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02.08.2017 | Original Article | Ausgabe 5/2017 Open Access

Chinese Journal of Mechanical Engineering 5/2017

Experimental Dynamic Analysis of a Breathing Cracked Rotor

Chinese Journal of Mechanical Engineering > Ausgabe 5/2017
Chao-Zhong Guo, Ji-Hong Yan, Lawrence A. Bergman
Wichtige Hinweise
Supported by National Natural Science Foundation of China (Grant No. 51505099).

1 Introduction

The recently emerged conception “Industry 4.0” is one of the most popular manufacturing topics among the industry and academia in the world which was first announced at the 2013 Hannover Fair [ 1]. Similar strategies have also been proposed by other main industrial countries, such as “Industrial Internet” by US and “Made in China 2025” by China [ 2]. Focusing on cyber-physical systems (CPS), Industry 4.0 is regarded as the next-generation production framework for the fourth industrial revolution [ 3] and promises to create the smart factory [ 4]. As one of the main components of Industry 4.0, the smart factory will involve a new integrative system, where not only all manufacturing resources (sensors, actuators, machines, robots, etc.) are connected and exchange information automatically, but also the factory will become conscious and intelligent enough to predict and maintain the machines; and intelligent enough to predict and maintain the machines [ 5, 6]. Many new technologies and methodologies have been developed in the related fields to promote the revolution, such as the crowsdsourcing based new production development in manufacturing SMEs [ 7], Quality assurance system [ 8], standardization towards Industry 4.0 [ 9], wireless device connection [ 10]. Because of high connection, the health condition of a single machine has greater influence on the factory operation than ever before. Online fault diagnostics and prognostics provide critical health information for the self-aware building and decision making which will play an important role in the Industry 4.0 factory [ 11].
Rotating machines are extensively used in industry, such as the compressors, rotors in manufacturing machines, steam and gas turbines, generators, and pumps [ 1214]. Fatigue cracking of rotor shafts is an important phenomenon that can lead to severe damage and great economic loss if not detected in time, especially for the highly connected and automatic production system in the Industry 4.0 factory. The CPS provides great opportunity to perform online crack detection based on the broad implement of sensors, data acquisition systems, computer networks and cloud computing systems together with the rotor dynamic theory so that the sudden breakdown of production lines due to the cracked shafts can be avoided.
It has been shown in the literature that the presence of a crack introduces additional flexibility to the shaft, which reduces its overall stiffness and generates complex orbits and super-harmonic frequency components [ 15, 16]. The dynamic analysis of cracked rotor systems has been intensively studied by many researchers [ 1723]. Sinou, et al. [ 17] evaluated the dynamic response of the rotor with a breathing crack by expanding the changing stiffness of the crack in a truncated Fourier series and using the Harmonic Balance Method. The orbits during transient operation at the critical speed and at half of the critical speed were considered to be the unique characteristics of the cracked rotor system. Babu, et al. [ 18] used the Hilbert-Huang transform to study the transient response of a cracked rotor passing through its critical speed. A frequency fluctuation was observed at the sub-critical speed. Al-Shudeifat [ 19] and Silani, et al. [ 20] used finite element models to establish the dynamic equations of the cracked rotor system. The whirl orbit and the shifts in the critical and subcritical speeds were studied. Shravankumar, et al. [ 21] utilized a full-spectrum method obtained by complex Fast Fourier transform to estimate the force and displacement coefficients for crack identification. The typical orbits and the frequency spectrum at the sub-critical speed were investigated. Lu, et al. [ 22] studied the nonlinear response characteristics of a breathing transverse crack rotor. The results indicate that the transverse crack causes super-harmonic resonance peaks at the second, third and fourth subcritical speeds. In an earlier paper by a subset of the authors [ 23], a new breathing function was proposed and the empirical mode decomposition was used to study the high-order frequency variation of a Jeffcott rotor with a transvers breathing crack. The typical whirl orbits during passage through the 1/3 and 1/2 subcritical speeds were observed. Based on aforementioned literature and other references therein, it can be concluded that analyzing unique characteristics of the dynamic response is a feasible and widely used method for crack detection.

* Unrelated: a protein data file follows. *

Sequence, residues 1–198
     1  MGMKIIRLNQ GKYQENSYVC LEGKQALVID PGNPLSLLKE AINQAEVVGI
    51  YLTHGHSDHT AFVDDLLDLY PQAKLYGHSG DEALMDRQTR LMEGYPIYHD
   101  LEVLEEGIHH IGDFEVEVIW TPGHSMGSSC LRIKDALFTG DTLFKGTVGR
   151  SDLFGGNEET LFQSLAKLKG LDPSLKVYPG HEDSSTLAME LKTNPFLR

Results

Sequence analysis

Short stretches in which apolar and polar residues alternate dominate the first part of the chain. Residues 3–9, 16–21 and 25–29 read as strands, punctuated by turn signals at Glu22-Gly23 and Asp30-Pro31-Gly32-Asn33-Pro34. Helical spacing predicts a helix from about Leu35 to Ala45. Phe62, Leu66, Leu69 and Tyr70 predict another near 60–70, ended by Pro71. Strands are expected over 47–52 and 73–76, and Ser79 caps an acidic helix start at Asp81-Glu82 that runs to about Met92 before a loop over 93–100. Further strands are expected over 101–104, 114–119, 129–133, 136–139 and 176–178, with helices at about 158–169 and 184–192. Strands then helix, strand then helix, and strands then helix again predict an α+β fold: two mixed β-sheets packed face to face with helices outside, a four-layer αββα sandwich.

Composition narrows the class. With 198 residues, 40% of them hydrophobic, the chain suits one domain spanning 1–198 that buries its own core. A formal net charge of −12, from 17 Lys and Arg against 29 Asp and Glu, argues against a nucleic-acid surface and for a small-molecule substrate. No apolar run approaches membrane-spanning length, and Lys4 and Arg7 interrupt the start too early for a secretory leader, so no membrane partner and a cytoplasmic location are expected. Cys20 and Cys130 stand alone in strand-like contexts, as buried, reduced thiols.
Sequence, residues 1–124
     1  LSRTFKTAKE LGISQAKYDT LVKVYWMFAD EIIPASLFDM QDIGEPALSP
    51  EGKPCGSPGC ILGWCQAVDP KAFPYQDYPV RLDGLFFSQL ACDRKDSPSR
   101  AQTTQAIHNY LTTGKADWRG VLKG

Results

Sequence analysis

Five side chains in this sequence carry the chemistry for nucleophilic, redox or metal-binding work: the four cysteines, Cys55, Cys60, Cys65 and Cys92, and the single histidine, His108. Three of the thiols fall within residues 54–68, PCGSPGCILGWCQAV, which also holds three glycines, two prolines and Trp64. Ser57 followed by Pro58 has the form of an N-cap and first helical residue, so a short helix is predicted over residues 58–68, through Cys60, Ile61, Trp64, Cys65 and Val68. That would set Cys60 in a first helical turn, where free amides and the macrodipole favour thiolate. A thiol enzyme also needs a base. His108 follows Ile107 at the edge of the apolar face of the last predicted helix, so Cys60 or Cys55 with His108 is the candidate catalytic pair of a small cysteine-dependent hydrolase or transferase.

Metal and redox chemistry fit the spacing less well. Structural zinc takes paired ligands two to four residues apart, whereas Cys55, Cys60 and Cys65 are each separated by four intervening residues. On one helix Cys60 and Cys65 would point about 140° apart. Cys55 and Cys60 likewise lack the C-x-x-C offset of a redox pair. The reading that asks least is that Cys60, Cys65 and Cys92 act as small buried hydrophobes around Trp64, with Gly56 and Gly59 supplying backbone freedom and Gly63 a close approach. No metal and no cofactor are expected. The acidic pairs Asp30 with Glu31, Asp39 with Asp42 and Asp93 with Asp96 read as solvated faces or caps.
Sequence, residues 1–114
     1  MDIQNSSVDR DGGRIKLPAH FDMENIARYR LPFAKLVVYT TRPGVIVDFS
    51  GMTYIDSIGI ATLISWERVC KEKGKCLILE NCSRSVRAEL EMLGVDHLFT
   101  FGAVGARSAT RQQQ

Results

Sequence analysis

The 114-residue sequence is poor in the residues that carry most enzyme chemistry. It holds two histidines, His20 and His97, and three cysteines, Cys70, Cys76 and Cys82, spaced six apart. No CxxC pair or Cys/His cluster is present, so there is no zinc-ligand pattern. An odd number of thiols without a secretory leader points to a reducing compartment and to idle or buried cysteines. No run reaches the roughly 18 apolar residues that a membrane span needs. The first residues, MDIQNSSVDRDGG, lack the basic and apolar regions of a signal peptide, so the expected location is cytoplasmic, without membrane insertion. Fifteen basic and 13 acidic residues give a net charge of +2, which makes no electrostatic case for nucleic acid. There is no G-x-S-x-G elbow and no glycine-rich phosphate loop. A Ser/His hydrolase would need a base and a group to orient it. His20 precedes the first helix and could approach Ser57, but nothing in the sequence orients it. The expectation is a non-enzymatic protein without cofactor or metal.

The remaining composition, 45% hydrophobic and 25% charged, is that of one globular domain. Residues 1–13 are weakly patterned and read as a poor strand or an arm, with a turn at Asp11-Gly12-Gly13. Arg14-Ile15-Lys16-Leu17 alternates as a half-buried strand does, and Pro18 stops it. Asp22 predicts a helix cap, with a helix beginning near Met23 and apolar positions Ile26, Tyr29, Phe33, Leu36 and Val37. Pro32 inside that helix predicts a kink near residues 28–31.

However, although many papers have been published in this area, only a few employ actual results from laboratory experiments [ 24]. Darpe, et al. [ 25] verified theoretical findings through experiments with a fatigue crack rotor. The orbits and FFT spectra during the rotor passage through the 1/3 and 1/2 critical speeds consistently matched the theoretical findings. Later, Zhou, et al. [ 26] and Ren, et al. [ 27] adopted a similar method to further examine fatigue in cracked rotors. Compared with real fatigue cracks, the open crack is easier to implement in the experiment. Dong, et al. [ 28], Lin, et al. [ 29], and Mohammed, et al. [ 30] used a wire cutter machine to generate slits with different depths in the rotor which were generally viewed as open cracks.
In this research, the dynamic response of a breathing cracked rotor was studied experimentally. A real fatigue crack was induced using a three-point bending machine. The unique orbit evolution was compared with the theoretical findings given in Ref. [ 19], and the frequency spectra obtained by FFT method were analyzed as well. This work presents an effective crack detection method based on the dynamic response for the online diagnosis of rotor systems in the future smart factory.

2 Theoretical Analysis of the Cracked Rotor System

In Ref. [ 23], a Jeffcott rotor model was established, and a breathing function was synthesized using Fourier series to approximate the actual breathing process. The breathing of the crack during the shaft rotation can be described as shown Figure  1. When open, the crack causes a reduction in bending stiffness of the shaft, while when fully closed (see Figure  1(f), the bending stiffness is equal to that of the uncracked rotor. Therefore, the breathing phenomenon leads to a time-varying stiffness matrix in the governing equations of the cracked rotor system. The governing equations of the cracked rotor system are given by
$$\left\{ \begin{gathered} m\ddot{u} + c\dot{u} + k_{1} \left( t \right)u + k_{{12}} \left( t \right)v = m_{{ed}} \Omega ^{2} \sin (\Omega t + \beta ), \hfill \\ m\ddot{v} + c\dot{v} + k_{{21}} \left( t \right)u + k_{2} \left( t \right)v = m_{{ed}} \Omega ^{2} \cos (\Omega t + \beta ) - mg, \hfill \\ \end{gathered} \right.$$